As the Kauai County Council prepares to take up the homestay ordinance tomorrow, we've been hearing the oft-repeated cry of “gosh, we had no idea we needed a permit” from so many operators.
Especially those who have been issued a cease and desist order from the county.
So imagine our surprise when we took a little gander at homestays/B&Bs offered in the Kilauea area, for just one example, and discovered that some of the owners are Realtors, people who already have TVR permits — in short, folks who really ought to know better.
Like Realtor Bruce Fehring, who has a legal TVR, Hale Kaikalani, as well as Twin Hearts — a not-so-legal “homestay.” In the web copy, he even has “homestay” in quotes, because he knows — wink-wink — that Twin Hearts is a TVR on ag land that failed to secure a permit, and is now masquerading as something it's not.
Then there's Allen and Catherine Rietow, who rent the Aloha Sunrise Cottage and its twin, the Aloha Sunset Cottage, on their seven-acre ag parcel. But they don't even try in their ad copy to pass them off as either B&Bs or home stays, just unpermitted TVRs.
Randy and Jill Smith, meanwhile, rent the Jasmine Nights cottage, which presumably could pass as a “homestay” because the owners at least serve as hosts. But how, exactly, is it any different than a TVR on ag land, for which permits are no longer being issued?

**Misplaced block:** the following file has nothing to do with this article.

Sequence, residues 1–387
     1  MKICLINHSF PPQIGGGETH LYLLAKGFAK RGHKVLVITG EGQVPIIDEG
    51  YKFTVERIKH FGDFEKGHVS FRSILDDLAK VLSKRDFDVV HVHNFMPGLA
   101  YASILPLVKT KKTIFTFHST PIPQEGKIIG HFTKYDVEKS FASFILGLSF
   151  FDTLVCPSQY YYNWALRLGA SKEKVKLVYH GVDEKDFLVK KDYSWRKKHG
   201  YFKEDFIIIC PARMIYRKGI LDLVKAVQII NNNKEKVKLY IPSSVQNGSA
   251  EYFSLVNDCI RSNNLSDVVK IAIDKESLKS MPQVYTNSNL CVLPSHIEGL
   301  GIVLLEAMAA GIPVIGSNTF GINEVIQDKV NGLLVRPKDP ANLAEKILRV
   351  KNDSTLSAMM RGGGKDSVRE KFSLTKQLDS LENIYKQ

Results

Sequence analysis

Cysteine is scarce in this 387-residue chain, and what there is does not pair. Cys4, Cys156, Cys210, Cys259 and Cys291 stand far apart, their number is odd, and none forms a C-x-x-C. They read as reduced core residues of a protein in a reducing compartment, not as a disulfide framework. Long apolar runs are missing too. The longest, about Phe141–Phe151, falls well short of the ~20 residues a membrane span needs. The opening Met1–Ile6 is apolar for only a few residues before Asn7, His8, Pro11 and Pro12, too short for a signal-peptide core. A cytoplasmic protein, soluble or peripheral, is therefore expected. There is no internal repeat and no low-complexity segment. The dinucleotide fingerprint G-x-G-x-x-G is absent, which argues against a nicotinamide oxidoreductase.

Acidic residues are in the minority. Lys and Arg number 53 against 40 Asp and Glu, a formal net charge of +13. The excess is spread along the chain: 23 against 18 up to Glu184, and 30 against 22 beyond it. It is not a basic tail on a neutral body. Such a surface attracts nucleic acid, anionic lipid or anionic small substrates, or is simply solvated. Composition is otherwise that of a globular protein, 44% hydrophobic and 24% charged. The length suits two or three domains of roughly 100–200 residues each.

And since the proposed ordinance only addresses homestays/B&Bs in the residential district, what exactly is going to happen to the dozens operating on ag land?
Francesca Azuremare-Woolger, also a Realtor, advertises “Several private cottages in and around Kilauea area,” while Richard A. rents out the Coconut Hut.
Realtor Harvest Edmonds — who claims to be “a passionate supporter of sustainable agriculture on Kauai,” even as she helps turn North Shore ag lands into resorts — argued passionately for TVR permits on ag land, claiming she and her husband would otherwise lose their land. She got a permit, but then went ahead and created another TVR/homestay/B&B — the “Green” Cottage.
Then there's the “Kauai Retreat Center,” on ag land in Waipake, that offers six-bedrooms — all with “private outside keyed entrances.” At what point, you may legitimately ask, does a B&B become a hotel?
Let's not forget The Palmwood, which bills itself as “an update on the traditional bed and breakfast,” because it's actually a three-story TVR in the hills of Moloaa that rents its three rooms for about $300 each per night.
Or the Anahata Sanctuary, with its six “sacred chambers” (bedrooms) and meditation temple that is “a perfect place to meet Conscious Like-Minded People.”
Are you starting to get the idea that these aren't really mom-and-pop establishments operated by naïve landowners who have been brutally victimized by callous county enforcers?
Instead, they're just the latest round of TVRs seeking permits that were no longer supposed to be granted.
The question now is will the county cave? Or stand its ground and shut 'em down?